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Flying Back From UK To US After 4 Years

I moved back to the US from the UK after 4 years. Here are 9 things that have surprised me the most so far.

Flying Back From UK To US After 4 Years
The author moved to NYC after living in London for four years.

  • Earlier this year, I moved back to the US after living in the UK for four years.
  • The transition has been a bigger adjustment than I expected, and I’ve felt some real culture shock.
  • Surprises include getting my head around tipping and realizing how much Americans love a parade.

Earlier this year, I decided to move back to the US after four years of living in the UK, where I spent most of my life.

I grew up in and around London but lived in Boston for four years during college before moving back home to kick-start my career. For a long time, moving back to the US was a thought that very rarely crossed my mind, for several reasons. In truth, I’ve always felt more at home with British customs and I loved living close to my family members, who are mostly based there.

That said, I was ready for a change of pace this year. So on October 17, I brought three suitcases to London’s Heathrow Airport and boarded a flight destined for JFK in New York.

It’s been less than a month, but I can already say this transition has been way more of an adjustment than I’d anticipated. From my experience, culture shock, even if you have lived in a country before, is a real thing. Picking up my life in the UK to start over in the US has come with challenges and many surprises.

I’d forgotten how much bigger everything is in the US, from roads and cars to food and drinks.

Flying Back From UK To US After 4 Years
Food and structures in the US are noticeably bigger than in the UK.

From the moment I hopped in a taxi at JFK Airport and began the drive to Manhattan, I started to notice just how much larger than life things are in the US compared to back home — from the width of the highways and cars to the moment I ordered my first bagel in New York City, which was so big it was basically impossible to take a full bite.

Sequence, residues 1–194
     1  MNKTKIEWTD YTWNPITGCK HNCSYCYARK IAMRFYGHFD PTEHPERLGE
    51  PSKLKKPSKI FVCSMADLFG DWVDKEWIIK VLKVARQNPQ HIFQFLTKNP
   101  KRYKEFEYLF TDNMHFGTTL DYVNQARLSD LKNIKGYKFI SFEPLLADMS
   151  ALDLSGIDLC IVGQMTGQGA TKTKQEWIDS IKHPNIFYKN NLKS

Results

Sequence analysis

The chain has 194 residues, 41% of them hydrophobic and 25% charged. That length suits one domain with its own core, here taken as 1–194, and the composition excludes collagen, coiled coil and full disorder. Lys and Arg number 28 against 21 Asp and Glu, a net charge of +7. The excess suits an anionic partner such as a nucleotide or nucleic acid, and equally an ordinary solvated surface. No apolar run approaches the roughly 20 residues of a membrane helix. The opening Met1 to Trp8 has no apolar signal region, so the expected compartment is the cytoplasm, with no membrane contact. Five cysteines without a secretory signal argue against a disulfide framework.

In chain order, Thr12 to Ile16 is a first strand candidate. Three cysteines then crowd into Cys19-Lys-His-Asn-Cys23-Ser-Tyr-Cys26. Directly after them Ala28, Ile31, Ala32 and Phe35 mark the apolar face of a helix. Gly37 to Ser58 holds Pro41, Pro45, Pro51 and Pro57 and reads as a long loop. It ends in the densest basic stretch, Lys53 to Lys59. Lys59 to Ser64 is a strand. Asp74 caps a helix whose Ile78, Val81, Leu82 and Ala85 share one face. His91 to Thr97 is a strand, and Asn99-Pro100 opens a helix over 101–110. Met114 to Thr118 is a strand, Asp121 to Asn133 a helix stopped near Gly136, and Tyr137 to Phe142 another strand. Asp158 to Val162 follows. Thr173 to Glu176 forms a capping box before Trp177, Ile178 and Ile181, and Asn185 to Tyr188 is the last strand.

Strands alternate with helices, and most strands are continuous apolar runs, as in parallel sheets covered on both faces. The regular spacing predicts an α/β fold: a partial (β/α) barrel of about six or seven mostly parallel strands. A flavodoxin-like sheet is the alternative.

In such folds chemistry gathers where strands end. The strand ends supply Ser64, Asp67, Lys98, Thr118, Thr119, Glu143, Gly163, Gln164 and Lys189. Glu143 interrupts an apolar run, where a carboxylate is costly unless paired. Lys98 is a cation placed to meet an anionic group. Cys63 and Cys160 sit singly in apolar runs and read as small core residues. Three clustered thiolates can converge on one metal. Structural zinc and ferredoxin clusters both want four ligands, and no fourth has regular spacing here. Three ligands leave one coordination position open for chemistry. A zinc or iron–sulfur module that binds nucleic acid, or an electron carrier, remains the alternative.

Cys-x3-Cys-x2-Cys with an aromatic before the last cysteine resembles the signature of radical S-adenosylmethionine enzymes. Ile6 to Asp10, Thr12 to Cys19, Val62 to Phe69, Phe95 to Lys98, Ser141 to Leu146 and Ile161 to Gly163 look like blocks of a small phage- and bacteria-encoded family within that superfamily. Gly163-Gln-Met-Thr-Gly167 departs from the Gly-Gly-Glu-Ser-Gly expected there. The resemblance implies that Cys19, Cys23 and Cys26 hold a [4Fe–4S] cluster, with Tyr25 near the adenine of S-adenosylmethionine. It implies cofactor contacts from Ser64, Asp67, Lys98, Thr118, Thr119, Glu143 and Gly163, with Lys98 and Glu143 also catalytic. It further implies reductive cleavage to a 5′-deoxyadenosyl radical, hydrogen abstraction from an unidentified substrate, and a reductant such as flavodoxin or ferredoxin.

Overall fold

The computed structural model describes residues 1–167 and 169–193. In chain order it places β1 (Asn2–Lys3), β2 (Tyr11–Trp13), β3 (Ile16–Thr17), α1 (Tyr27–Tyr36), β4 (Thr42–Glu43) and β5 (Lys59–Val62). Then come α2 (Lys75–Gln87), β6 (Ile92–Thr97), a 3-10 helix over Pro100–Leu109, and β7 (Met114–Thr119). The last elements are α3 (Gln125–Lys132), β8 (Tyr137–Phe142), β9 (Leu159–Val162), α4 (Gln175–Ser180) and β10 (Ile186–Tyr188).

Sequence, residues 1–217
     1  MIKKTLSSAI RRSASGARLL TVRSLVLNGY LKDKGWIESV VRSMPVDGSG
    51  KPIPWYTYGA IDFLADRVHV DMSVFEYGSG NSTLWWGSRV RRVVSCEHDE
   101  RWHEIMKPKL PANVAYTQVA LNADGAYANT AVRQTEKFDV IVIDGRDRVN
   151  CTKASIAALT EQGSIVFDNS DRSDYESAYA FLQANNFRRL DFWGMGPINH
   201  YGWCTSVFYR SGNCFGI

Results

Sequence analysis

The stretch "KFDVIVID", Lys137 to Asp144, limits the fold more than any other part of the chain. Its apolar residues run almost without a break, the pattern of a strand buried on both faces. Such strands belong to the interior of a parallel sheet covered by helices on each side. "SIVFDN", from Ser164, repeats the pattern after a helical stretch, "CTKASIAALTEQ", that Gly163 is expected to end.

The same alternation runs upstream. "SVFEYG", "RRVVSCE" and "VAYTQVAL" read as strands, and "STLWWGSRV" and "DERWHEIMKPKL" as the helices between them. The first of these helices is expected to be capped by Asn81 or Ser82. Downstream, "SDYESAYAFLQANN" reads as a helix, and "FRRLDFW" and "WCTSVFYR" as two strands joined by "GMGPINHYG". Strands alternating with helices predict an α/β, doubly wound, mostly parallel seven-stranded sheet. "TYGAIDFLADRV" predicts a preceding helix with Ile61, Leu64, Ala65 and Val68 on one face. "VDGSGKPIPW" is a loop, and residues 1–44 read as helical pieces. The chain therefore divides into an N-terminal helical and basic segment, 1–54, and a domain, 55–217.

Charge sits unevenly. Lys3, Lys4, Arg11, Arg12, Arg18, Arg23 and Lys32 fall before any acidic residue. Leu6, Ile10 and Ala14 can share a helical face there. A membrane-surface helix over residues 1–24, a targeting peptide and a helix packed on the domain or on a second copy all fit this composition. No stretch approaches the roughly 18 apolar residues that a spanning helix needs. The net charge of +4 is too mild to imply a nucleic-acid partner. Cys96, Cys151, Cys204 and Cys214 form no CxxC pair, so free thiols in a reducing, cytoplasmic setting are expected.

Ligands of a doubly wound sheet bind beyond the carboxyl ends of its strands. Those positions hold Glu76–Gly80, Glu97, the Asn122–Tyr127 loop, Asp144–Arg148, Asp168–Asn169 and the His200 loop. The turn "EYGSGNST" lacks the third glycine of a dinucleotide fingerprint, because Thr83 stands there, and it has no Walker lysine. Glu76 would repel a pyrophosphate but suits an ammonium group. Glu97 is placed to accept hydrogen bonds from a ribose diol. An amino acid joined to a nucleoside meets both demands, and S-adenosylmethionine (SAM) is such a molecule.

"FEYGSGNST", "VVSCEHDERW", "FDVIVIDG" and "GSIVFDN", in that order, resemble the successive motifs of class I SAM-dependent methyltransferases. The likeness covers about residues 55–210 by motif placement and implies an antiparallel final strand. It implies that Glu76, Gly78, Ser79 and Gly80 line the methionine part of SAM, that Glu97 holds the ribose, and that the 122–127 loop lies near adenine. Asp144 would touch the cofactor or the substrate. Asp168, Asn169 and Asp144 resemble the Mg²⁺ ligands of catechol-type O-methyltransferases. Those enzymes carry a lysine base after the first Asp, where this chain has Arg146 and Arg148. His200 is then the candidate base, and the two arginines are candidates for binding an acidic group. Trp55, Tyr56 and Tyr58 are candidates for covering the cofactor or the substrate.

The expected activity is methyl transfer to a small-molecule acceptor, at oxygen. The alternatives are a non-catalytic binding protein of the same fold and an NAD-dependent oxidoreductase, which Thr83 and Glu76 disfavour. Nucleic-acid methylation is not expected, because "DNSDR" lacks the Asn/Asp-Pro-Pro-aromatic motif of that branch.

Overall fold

I’ve also noticed that the smallest to-go cups at coffee shops in the US are way bigger than the largest I’d had in the UK, and the portions of meals I’ve eaten at restaurants in America so far have been more than I’m used to.

I’m far from the only one who’s picked up on how portion sizes vary vastly in the US from the UK. Insider’s Food Wars senior video producer Joe Avella previously wrote about being continuously shocked by how much larger fast-food items are in the US than in the UK. At McDonald’s, for example, he discovered that American drinks are 89% bigger than their British counterparts, whether you order a large or small.

I still can’t wrap my head around tipping culture in the US, which is basically nonexistent in the UK.

Having lived in the US previously, I was somewhat familiar with how important it is to tip when you go out to restaurants, which continues to baffle people from different countries where the practice isn’t considered a cultural norm.

That said, knowing where exactly a tip is appropriate and the amount to give has been confusing. When buying a coffee or a drink at a bar in the first week of my relocation to the US, I found myself in an awkward spot deciding whether or not that warrants a tip and, if so, how much to give.

So far, I’ve learned that it can vary, but that the safest best whenever you have doubts is to leave a tip — no matter the situation.

I have been pleasantly surprised by how much warmer customer service at restaurants in the US is compared to service in the UK.

Flying Back From UK To US After 4 Years
Customer service at restaurants in the US is better than in the UK.

Unlike the US, tipping isn’t mandatory in the UK, as most places add a mandatory service charge to a bill, which in my view, might explain why customer service at restaurants is generally quite different.

Since I’m still in the process of setting up my apartment, I’ve done a lot of eating out in NYC. Granted that hasn’t been the best for my budget, but it has made me appreciate how much more effort servers in the US put into giving customers the best dining experience possible. So far, I’ve had instances where dishes have arrived late and have been taken off the bill or where servers have taken time to get to know a bit about me while taking my order. That kind of warmth and charisma is rare to find in the UK, from my experience.

A welcome surprise is how much better frozen-food options are at grocery stores in the US compared to those in the UK.

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